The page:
on May 1, 2017
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(Theme music)

(Scene begins with WALT asleep inside his cabin.)

STORYTELLER: Hello, everyone . . . and welcome back! I’m eager to hear what happens next in Operation Arctic, aren’t you? So, let’s get back to our story. (as she opens her notebook and begins to read) CHAPTER TWO, UNEXPECTED VISITORS. It’s the next morning and Walt is about to wake up. (pause) I said, “Walt is about to wake up!”

(WALT stirs for a moment, then turns over and goes back to sleep.)

STORYTELLER: No, no . . . don’t go back to sleep! It’s time to get up! (to the tech crew) Hey, tech crew! Can you give me a rooster crow? (a rooster crow [sfx] is heard, but WALT doesn’t budge) Hmm . . . what else do you have? (a fog horn [sfx] is heard, but WALT keeps right on sleeping) Nothing. All right, that’s it. Time to get serious. (as she walks over to the cabin and pours a cup of water) Ice cold water. Should I?? (then she dumps it on his head, but Walt just lies there motionless.) Well, that’s a first.

(Suddenly WALT’S soft alarm clock [sfx] is heard and he immediately awakes and sits up.)

STORYTELLER: You’ve got to be kidding me.

(Then WALT stretches and yawns just before realizing that he’s wet.)

WALT: (confused) How’d I get wet?

STORYTELLER: Hmm . . . you must have been drooling something awful. Here’s a towel. (as she throws him a towel)

WALT: Thanks.

(WALT dries himself off, then gets up and dons a fleece jacket.)

STORYTELLER: (reads) After Walt gets up, he follows the same routine every morning. First, he puts his boots on.

(WALT puts his boots on.)

STORYTELLER: Then, he brushes his teeth.

WALT: (first checks his breath with his hand) Hmm, not too bad . . . maybe I won’t this morning.

STORYTELLER: (more forcefully) Then, he brushes his teeth!

WALT: (concedes) Okay.

(WALT brushes his teeth.)

STORYTELLER: (reads) Combs his hair.

(WALT combs his hair.)

STORYTELLER: (reads) And makes his bed.

WALT: Do I have to?

STORYTELLER: Yes. You have to.

(WALT grudgingly makes his bed.)

STORYTELLER: (reads) Then, he gets some breakfast.

WALT: (with happy anticipation) Let’s see . . . what shall I have for breakfast today?

STORYTELLER: Let’s do moose jerky.

WALT: Jerky? I was thinking pancakes.

STORYTELLER: Sorry . . . no time for pancakes. Gotta keep things moving.

WALT: All right.

(WALT grabs some jerky.)

STORYTELLER: (reads) Then, he reads a book as he eats his breakfast.

WALT: But I’ve read all my books.

STORYTELLER: Not your new one.

WALT: New one?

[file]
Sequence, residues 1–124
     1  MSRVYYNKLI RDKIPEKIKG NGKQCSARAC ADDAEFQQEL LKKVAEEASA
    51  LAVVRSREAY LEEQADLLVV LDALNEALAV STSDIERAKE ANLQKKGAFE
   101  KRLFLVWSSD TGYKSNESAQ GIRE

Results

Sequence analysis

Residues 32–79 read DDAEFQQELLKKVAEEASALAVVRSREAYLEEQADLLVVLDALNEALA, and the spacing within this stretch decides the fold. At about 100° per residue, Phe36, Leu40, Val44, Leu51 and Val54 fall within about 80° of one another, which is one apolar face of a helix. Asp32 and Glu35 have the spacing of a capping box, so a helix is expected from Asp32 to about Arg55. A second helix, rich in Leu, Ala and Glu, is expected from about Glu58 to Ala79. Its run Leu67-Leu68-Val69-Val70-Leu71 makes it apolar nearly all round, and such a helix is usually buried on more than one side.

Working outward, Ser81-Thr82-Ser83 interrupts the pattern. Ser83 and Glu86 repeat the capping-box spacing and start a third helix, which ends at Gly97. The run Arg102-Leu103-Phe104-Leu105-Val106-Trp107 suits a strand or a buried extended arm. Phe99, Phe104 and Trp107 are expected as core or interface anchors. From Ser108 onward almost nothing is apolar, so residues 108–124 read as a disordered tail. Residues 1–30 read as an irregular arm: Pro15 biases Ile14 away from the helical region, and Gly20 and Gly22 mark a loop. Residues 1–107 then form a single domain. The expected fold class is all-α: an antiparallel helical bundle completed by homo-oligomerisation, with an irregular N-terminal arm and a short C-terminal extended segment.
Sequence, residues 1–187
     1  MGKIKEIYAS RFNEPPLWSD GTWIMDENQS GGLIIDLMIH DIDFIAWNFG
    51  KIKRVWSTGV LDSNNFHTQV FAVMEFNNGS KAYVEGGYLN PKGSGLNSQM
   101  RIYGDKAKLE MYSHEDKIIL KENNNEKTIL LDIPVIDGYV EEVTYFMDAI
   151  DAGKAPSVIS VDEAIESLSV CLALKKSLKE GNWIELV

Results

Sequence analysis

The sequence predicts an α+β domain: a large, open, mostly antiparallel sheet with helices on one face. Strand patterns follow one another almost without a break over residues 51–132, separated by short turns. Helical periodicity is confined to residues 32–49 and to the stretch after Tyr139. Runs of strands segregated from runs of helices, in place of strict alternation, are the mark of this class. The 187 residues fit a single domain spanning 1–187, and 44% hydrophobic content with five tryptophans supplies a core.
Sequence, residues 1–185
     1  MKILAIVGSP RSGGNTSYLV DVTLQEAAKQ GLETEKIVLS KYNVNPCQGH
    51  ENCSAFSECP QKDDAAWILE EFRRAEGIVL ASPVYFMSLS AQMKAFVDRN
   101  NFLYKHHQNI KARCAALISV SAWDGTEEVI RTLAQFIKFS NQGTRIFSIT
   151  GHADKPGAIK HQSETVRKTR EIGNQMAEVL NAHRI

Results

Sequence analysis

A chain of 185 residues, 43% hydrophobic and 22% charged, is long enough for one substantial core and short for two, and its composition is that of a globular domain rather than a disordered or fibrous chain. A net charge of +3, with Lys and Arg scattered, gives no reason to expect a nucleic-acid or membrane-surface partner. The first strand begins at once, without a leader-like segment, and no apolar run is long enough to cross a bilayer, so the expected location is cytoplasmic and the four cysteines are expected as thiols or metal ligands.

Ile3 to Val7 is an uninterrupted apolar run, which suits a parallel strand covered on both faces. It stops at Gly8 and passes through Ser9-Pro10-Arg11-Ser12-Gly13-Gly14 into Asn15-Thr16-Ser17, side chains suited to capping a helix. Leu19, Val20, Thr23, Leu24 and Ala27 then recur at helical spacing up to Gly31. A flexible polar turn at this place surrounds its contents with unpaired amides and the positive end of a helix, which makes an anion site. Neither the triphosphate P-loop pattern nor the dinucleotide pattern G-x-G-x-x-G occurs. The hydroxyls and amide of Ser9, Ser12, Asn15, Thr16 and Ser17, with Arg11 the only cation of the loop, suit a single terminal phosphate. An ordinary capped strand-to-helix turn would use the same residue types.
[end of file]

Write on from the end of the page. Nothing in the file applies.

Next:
STORYTELLER: The one that Dusty brought yesterday.

WALT: But . . . that’s a Bible. I’m not very religious. And besides . . . I already know all about the Bible.

STORYTELLER: (skeptical) Really?

WALT: Sure. It’s not like I never went to church. I know all about Darrell in the lion’s den and Moses being swallowed by a whale.

STORYTELLER: (with sarcasm) Wow . . . I’m impressed. Tell me more.

WALT: Like what?

STORYTELLER: Well . . . do you know any Bible verses?

WALT: Sure . . . that’s easy. “God helps those who help themselves. . . . ”

STORYTELLER: Oh, yeah . . . from 2nd Hesitations, right?

WALT: Right. See . . . I know what I’m talking about.

STORYTELLER: Actually . . . you don’t.

WALT: What?

STORYTELLER: Well, first of all, it was Daniel in the lion’s den, not Darrell; Jonah was the one who was swallowed by a great fish; “God helps those who help themselves” is not in the Bible; and, there’s no such thing as “2nd Hesitations.”

WALT: Okay, so I don’t know much about the Bible. Is that really such a big deal? I mean, what difference is it going to make?

STORYTELLER: Are you kidding me? You’re actually wondering if God’s written Word—a book that has changed the world—can make a difference in your life?

WALT: Changed the world? What are you talking about?

STORYTELLER: Well, just look around. Because of the Bible, you’ve got the establishment of hospitals and orphanages, the development of higher education, the rise of modern science . . . not to mention its enormous influence on language, art, music, and literature. It’s also produced a whole slew of missionary and caring organizations that have served the needs of people all over the world.

WALT: Wow. I had no idea.

STORYTELLER: And did you know that the American system of government and many of our laws are based on principles from the Bible? In fact, the history of America and many other countries would be completely different if it weren’t for the Bible.

WALT: Really.

STORYTELLER: Yes, but more important than all of that is the fact that countless millions of people have found faith in God through the Bible and are now in heaven . . . or will be someday. (short pause) So you see, like a light in the darkness, the Bible has made a huge difference! But, the question is . . . can it make a difference in your life? ABSOLUTELY!